Nature Publishing Group, publisher of Nature, and other science journals and reference works
Nature
my account e-alerts subscribe register
   
Monday 23 October 2017
Journal Home
Current Issue
AOP
Archive
Download PDF
References
Export citation
Export references
Send to a friend
More articles like this

Letters to Nature
Nature 298, 844 - 846 (26 August 1982); doi:10.1038/298844a0

Trans-sexually grafted antennae influence development of sexually dimorphic neurones in moth brain

Anne M. Schneiderman*, Steven G. Matsumoto* & John G. Hildebrand

*Department of Neurobiology, Harvard Medical School, Boston, Massachusetts 02115, USA
Department of Biological Sciences, Columbia University, New York, New York 10027, USA
Present address: Department of Biological Sciences, 901 Fairchild, Columbia University, New York, New York 10027, USA.

Observations in insects reveal sexual differences in the central nervous system (CNS), associated with sexually dimorphic patterns of reproductive behaviour1–9. For example, in certain species of moths, including the sphinx moth Manduca sexta, only males fly towards a sexually receptive female or towards a source of the female sex pheromone10,11. In Manduca, specialized olfactory receptor cells found only on male antennae12,13 respond sensitively and selectively to the female sex pheromone (unpublished experiments with K.-E. Kaissling and R. J. O'Connell). Their axons project into the macroglomerular complex (MGC), which is characteristic of male, but not female, antennal lobes (ALs; Fig. 1b, d)1–3,5,8,9,14. These afferents to the MGC presumably synapse with male-specific AL neurones8,15 to begin the processing of phenomonal information. We have now devised a surgical procedure for producing antennal gynandromorphs of Manduca in which one of the two ALs receives sensory innervation from an antenna formed by a transplanted imaginal disk of the opposite sex. We report here that in these gynandromorphs, the physiological and morphological properties of certain AL neurones are influenced by the gender of the antennal sensory axons contacting them. In particular, neurones resembling the male-specific AL neurones appear in female ALs innervated by sensory axons from a grafted male antenna.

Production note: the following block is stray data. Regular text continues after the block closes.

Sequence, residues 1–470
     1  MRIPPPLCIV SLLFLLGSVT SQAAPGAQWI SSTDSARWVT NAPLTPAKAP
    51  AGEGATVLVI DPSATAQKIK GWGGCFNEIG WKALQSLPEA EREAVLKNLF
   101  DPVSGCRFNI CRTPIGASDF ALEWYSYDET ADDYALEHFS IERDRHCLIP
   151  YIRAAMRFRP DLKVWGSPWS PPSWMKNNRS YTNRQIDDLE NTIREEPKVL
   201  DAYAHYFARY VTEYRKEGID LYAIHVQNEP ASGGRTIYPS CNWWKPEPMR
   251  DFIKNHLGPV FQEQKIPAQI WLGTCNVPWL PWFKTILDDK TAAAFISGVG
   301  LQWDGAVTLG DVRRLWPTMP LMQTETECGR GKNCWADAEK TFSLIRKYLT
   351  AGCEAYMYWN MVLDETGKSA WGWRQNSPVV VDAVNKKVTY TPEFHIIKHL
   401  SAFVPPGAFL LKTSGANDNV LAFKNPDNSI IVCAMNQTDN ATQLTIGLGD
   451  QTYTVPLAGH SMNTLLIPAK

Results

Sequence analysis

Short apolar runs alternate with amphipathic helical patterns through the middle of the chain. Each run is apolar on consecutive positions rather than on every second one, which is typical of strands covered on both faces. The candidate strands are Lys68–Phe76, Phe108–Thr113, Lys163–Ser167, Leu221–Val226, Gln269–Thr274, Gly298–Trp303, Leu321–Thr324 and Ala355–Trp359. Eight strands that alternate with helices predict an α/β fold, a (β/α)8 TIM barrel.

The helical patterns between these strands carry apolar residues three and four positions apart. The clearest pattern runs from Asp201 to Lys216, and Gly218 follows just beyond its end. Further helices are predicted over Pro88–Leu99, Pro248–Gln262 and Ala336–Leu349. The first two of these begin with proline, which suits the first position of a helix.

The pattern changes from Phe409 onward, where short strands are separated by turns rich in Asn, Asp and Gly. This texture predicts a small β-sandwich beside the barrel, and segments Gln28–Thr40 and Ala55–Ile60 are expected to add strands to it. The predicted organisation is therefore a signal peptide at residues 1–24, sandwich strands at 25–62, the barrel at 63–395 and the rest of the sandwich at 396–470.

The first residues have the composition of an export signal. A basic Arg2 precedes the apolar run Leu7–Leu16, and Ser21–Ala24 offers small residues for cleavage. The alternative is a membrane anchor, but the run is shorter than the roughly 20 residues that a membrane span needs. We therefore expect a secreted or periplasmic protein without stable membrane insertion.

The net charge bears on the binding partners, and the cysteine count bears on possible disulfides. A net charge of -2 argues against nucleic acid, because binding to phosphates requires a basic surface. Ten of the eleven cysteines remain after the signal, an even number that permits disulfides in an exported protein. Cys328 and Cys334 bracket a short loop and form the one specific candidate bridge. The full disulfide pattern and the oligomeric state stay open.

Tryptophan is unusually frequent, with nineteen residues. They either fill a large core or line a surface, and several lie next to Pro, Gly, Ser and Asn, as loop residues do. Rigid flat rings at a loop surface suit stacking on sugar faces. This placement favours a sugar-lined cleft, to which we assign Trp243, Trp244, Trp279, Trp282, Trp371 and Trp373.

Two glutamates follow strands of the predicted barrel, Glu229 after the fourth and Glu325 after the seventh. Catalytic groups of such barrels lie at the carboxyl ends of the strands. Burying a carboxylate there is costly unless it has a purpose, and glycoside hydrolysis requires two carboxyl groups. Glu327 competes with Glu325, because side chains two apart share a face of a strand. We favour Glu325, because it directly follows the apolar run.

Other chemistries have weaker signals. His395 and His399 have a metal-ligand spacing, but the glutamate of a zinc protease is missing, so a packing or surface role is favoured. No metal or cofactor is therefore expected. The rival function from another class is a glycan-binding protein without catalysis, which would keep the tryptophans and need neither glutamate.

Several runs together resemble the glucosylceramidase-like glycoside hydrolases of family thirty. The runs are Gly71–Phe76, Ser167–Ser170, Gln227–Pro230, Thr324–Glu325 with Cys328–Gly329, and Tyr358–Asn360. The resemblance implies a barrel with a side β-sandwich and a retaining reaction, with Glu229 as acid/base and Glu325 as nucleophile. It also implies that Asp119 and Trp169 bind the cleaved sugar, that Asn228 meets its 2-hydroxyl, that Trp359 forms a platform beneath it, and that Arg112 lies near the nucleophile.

------------------

References

1. Boeckh, J., Boeckh, V. & Kuhn, A. Olfaction Taste, Paris 6, 315−321 (1977).
2. Boeckh, J. & Boeckh, V. J. comp. Physiol. 132, 235−242 (1979). | ISI | ChemPort |
3. Camazine, S. & Hildebrand, J. Soc. Neurosci. Abstr. 5, 155 (1979).
4. Hausen, K. & Strausfeld, N. J. Proc. R. Soc. B208, 57−71 (1980). | ISI |
5. Hildebrand, J. G. et al. in Insect Neurobiology and Pesticide Action (ed. Rickett, F. E.) 375−382 (Society for Chemical Industry, London, 1980).
6. Strausfeld, N. J. Nature 283, 381−383 (1980). | ISI |
7. Wohlers, D. & Bacon, J. Cell Tissue Res. 209, 371−382 (1980). | Article | PubMed | ISI | ChemPort |
8. Matsumoto, S. G. & Hildebrand, J. G. Proc. R. Soc. B213, 249−277 (1981). | ISI | ChemPort |
9. Prillinger, L. Cell Tissue Res. 215, 563−575 (1981). | Article | PubMed | ISI | ChemPort |
10. Allen, N. & Hodge, C. R. J. econ. Ent. 48, 526−528 (1955). | ISI |
11. Allen, N., Kinard, W. S. & Jacobson, M. J. econ. Ent. 55, 347−351 (1962). | ISI |
12. Sanes, J. R. & Hildebrand, J. G. Devl Biol. 51, 300−319 (1976). | ChemPort |
13. Sanes, J. R. & Hildebrand, J. G. Devl Biol. 51, 282−299 (1976).
14. Jawlowski, H. Annls Univ. Mariae Curie, Sklodowska C8, 403−434 (1954).
15. Tolbert, L. P. & Hildebrand, J. G. Proc. R. Soc. B213, 279−301 (1981). | ISI |
16. Sanes, J. R. & Hildebrand, J. G. Wilhelm Roux's Arch. devl Biol. 178, 71−78 (1975).
17. Sanes, J. R., Prescott, D. J. & Hildebrand, J. G. Brain Res. 119, 389−402 (1977). | Article | PubMed | ISI | ChemPort |
18. Hildebrand, J. G., Hall, L. M. & Osmond, B. C. Proc. natn. Acad. Sci. U.S.A. 76, 499−503 (1979). | ChemPort |
19. Schneiderman, H. A. in Methods in Developmental Biology (eds Wilt, F. H. & Wessels, N. K.) 753−766 (Crowell, New York, 1967).



© 1982 Nature Publishing Group
Privacy Policy